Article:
Gel plate collagraph printing

I recently read an article describing the technique of pressing collagraph plates into an inked gelli plate surface, followed by pulling the print from the gelli plate – not the collagraph. In essence, a transfer print. My normal printing routine involves inking the collagraph base (oil-based inks), applying damp printing paper over the surface and running this through the press.

For these trials I decided to use water-based block printing ink, and as I only own black the remainder had to be acrylic paints. Oil-based printing inks aren’t what I want to use on a fairly delicate gelli plate.

Plate 1

Mountboard backing with very fine silk muslin strips and modelling paste

I thought I would get quite a detailed result from the roughly applied modelling paste and the circles indented into some areas. Wasn’t sure what would happen where the silk strips were laid.

Very disappointing, and this is the better of the two prints I took. The silk fabric sections gave me nothing, whilst the remainder is too formless to even count as a print. My sense is that something with a more defined design might transfer better.

Plate 2

Mountboard base with cotton scrim, cut cardboard and carborundum in glue

Again, not the best but I can see a bit of scope as some detail is evident. Many of the acrylic paints are quite loose, a little runny, and I wonder if the stiffer block-pinting ink is better. Might have been wiser to use the Matisse Structure range instead of the Flow range. But will they dry before I have time to pull the print?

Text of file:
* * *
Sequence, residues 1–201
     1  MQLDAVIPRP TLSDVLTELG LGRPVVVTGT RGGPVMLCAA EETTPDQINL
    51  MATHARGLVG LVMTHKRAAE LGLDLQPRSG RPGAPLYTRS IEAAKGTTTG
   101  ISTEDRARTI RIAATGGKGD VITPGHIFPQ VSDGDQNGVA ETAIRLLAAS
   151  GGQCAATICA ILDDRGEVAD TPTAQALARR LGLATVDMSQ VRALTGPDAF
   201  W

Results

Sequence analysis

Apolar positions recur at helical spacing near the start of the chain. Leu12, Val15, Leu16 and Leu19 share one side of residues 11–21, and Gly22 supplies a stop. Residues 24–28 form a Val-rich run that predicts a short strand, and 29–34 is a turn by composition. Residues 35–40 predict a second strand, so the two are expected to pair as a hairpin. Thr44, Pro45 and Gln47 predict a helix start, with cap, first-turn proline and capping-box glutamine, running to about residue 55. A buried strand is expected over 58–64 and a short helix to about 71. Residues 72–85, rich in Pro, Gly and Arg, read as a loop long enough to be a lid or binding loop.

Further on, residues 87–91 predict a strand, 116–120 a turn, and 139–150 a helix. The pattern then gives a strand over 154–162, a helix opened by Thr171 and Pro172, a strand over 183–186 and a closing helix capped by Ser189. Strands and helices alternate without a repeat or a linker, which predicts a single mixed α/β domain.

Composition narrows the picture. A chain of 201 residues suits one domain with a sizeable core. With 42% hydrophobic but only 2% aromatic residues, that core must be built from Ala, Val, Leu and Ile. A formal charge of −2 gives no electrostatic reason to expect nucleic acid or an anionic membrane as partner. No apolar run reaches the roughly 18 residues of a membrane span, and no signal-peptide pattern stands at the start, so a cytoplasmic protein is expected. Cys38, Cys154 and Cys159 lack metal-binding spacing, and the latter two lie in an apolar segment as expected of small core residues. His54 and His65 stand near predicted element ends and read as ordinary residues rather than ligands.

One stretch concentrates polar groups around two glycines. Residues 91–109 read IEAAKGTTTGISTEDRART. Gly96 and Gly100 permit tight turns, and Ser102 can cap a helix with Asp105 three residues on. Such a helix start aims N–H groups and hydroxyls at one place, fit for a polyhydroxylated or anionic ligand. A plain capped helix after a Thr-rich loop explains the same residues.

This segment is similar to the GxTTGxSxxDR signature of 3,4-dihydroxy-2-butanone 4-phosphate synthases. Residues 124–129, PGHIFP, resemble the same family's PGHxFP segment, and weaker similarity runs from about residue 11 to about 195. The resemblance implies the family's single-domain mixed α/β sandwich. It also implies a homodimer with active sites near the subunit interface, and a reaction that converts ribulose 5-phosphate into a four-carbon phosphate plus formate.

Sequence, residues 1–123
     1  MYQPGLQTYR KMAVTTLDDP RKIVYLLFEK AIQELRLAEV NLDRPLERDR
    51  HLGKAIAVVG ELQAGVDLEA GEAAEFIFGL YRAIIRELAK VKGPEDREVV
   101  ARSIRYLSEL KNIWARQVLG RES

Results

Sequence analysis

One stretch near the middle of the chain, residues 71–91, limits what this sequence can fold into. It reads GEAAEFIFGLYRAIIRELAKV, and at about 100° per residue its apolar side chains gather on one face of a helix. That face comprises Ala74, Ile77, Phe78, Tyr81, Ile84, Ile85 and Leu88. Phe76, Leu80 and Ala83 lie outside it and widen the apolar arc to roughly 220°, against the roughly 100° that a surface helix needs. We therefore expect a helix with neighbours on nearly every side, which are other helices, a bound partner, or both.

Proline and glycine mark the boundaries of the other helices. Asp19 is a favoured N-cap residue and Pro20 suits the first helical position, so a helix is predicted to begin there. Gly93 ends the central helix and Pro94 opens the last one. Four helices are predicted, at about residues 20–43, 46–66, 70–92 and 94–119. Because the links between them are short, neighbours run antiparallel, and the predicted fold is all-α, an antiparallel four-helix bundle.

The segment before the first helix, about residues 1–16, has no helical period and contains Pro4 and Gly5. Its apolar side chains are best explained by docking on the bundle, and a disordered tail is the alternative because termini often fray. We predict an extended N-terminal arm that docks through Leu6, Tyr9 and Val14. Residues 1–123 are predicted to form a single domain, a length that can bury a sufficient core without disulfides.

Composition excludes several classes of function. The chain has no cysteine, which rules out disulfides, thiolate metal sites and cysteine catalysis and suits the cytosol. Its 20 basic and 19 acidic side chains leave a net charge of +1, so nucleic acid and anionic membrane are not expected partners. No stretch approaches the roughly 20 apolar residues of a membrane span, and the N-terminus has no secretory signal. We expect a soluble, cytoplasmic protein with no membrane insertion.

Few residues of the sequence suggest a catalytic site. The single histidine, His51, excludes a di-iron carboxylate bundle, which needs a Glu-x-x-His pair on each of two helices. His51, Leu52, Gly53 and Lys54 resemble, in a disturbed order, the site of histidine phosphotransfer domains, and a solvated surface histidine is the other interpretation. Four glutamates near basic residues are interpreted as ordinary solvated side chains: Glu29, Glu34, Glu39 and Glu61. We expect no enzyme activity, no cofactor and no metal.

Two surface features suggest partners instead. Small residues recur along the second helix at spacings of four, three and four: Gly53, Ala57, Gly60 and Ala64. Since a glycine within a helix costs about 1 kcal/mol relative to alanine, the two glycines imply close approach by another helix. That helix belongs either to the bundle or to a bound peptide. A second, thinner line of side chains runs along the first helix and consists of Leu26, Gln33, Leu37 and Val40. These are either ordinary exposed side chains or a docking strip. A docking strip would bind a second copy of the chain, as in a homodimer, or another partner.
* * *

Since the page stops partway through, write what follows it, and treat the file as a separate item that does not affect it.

The block-printing ink has done a better job. It remains wet long enough and it’s accepting a good imprint from the printing plate and transfer to paper.

Plate 3

Mountboard base, textured paper, fabric trims, scrim and gel medium. Some cutting into the board.

This print picked up a lot of detail but consistent pressure across the back of the plate when transferring the design to the ink isn’t easy but, overall, not a bad effort.

Again, the addition of the black block-printing ink (to the blue acrylic) gave the media more body creating a thicker ink for the plate to impress, so a better and more even pull has been achieved.

CONCLUSION:
For more reliable and consistent results I prefer my usual method of printing collagraphs with my oil-based inks. Using the gelli plate in this way isn’t at the top of my list to continue with.

Plate 4

I was given a piece of embossed rubber, possibly flooring material but I’m not sure. It has fine cotton mesh on the back and a well defined pattern. So I also tried using that next.

Once the gelli plate was inked up and I’d pressed the rubber into it I realised that I had a good ink transfer onto the rubber so decided to print that first.

Then I turned to the ink remaining on the gelli plate and printed that.

It was interesting exploring the concepts of what I read about on the internet but in my heart I prefer other forms of printmaking.

About Claire B

I'm a passionate printmaker, paper-maker and a poor sketcher (which I'm working to improve). I've stitched from early childhood and am a perpetual student, loving learning and participating in everything creative.
This entry was posted in Design Play, My Creative Pieces, My prints and tagged , . Bookmark the permalink.

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